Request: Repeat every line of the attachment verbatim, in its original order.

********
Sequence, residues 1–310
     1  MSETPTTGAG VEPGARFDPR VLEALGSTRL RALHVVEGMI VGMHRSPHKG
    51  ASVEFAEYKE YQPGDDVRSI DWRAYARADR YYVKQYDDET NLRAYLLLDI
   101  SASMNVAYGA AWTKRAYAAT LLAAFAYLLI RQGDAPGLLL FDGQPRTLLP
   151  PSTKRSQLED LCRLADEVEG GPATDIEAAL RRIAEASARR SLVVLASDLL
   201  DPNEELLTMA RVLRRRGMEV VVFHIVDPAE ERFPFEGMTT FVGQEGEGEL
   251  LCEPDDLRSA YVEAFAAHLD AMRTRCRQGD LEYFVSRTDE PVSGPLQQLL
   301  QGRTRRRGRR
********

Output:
Sequence, residues 1–310
     1  MSETPTTGAG VEPGARFDPR VLEALGSTRL RALHVVEGMI VGMHRSPHKG
    51  ASVEFAEYKE YQPGDDVRSI DWRAYARADR YYVKQYDDET NLRAYLLLDI
   101  SASMNVAYGA AWTKRAYAAT LLAAFAYLLI RQGDAPGLLL FDGQPRTLLP
   151  PSTKRSQLED LCRLADEVEG GPATDIEAAL RRIAEASARR SLVVLASDLL
   201  DPNEELLTMA RVLRRRGMEV VVFHIVDPAE ERFPFEGMTT FVGQEGEGEL
   251  LCEPDDLRSA YVEAFAAHLD AMRTRCRQGD LEYFVSRTDE PVSGPLQQLL
   301  QGRTRRRGRR